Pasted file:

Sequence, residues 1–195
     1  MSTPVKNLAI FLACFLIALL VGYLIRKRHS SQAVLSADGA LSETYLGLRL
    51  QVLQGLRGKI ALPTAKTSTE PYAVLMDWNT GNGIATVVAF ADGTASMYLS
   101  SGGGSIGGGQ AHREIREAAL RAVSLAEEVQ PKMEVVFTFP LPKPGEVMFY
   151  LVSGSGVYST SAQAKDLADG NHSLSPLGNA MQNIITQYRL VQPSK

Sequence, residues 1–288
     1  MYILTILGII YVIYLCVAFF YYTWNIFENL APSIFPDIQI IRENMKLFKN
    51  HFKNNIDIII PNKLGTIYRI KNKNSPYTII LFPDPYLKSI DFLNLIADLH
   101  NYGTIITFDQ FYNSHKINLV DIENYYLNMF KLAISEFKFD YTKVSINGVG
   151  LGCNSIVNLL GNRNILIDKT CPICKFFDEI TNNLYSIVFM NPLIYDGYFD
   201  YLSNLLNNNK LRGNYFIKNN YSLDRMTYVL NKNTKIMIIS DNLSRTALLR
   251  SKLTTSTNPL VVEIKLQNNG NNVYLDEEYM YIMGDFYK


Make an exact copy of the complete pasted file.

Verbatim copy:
Sequence, residues 1–195
     1  MSTPVKNLAI FLACFLIALL VGYLIRKRHS SQAVLSADGA LSETYLGLRL
    51  QVLQGLRGKI ALPTAKTSTE PYAVLMDWNT GNGIATVVAF ADGTASMYLS
   101  SGGGSIGGGQ AHREIREAAL RAVSLAEEVQ PKMEVVFTFP LPKPGEVMFY
   151  LVSGSGVYST SAQAKDLADG NHSLSPLGNA MQNIITQYRL VQPSK

Sequence, residues 1–288
     1  MYILTILGII YVIYLCVAFF YYTWNIFENL APSIFPDIQI IRENMKLFKN
    51  HFKNNIDIII PNKLGTIYRI KNKNSPYTII LFPDPYLKSI DFLNLIADLH
   101  NYGTIITFDQ FYNSHKINLV DIENYYLNMF KLAISEFKFD YTKVSINGVG
   151  LGCNSIVNLL GNRNILIDKT CPICKFFDEI TNNLYSIVFM NPLIYDGYFD
   201  YLSNLLNNNK LRGNYFIKNN YSLDRMTYVL NKNTKIMIIS DNLSRTALLR
   251  SKLTTSTNPL VVEIKLQNNG NNVYLDEEYM YIMGDFYK